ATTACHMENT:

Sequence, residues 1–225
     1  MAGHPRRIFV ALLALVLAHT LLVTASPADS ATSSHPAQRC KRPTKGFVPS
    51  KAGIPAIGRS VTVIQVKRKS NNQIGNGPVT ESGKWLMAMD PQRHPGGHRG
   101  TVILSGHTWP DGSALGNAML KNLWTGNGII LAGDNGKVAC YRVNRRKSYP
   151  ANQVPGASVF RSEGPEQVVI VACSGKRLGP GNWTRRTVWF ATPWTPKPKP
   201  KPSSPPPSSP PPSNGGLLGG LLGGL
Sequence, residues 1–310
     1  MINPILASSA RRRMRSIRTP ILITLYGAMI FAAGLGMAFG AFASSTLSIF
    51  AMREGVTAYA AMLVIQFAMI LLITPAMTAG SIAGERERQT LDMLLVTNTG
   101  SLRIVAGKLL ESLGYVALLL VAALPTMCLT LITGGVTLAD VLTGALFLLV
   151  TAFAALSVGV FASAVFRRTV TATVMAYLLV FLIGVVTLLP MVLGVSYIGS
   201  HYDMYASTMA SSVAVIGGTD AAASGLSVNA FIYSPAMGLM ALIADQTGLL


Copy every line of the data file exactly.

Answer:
Sequence, residues 1–225
     1  MAGHPRRIFV ALLALVLAHT LLVTASPADS ATSSHPAQRC KRPTKGFVPS
    51  KAGIPAIGRS VTVIQVKRKS NNQIGNGPVT ESGKWLMAMD PQRHPGGHRG
   101  TVILSGHTWP DGSALGNAML KNLWTGNGII LAGDNGKVAC YRVNRRKSYP
   151  ANQVPGASVF RSEGPEQVVI VACSGKRLGP GNWTRRTVWF ATPWTPKPKP
   201  KPSSPPPSSP PPSNGGLLGG LLGGL
Sequence, residues 1–310
     1  MINPILASSA RRRMRSIRTP ILITLYGAMI FAAGLGMAFG AFASSTLSIF
    51  AMREGVTAYA AMLVIQFAMI LLITPAMTAG SIAGERERQT LDMLLVTNTG
   101  SLRIVAGKLL ESLGYVALLL VAALPTMCLT LITGGVTLAD VLTGALFLLV
   151  TAFAALSVGV FASAVFRRTV TATVMAYLLV FLIGVVTLLP MVLGVSYIGS
   201  HYDMYASTMA SSVAVIGGTD AAASGLSVNA FIYSPAMGLM ALIADQTGLL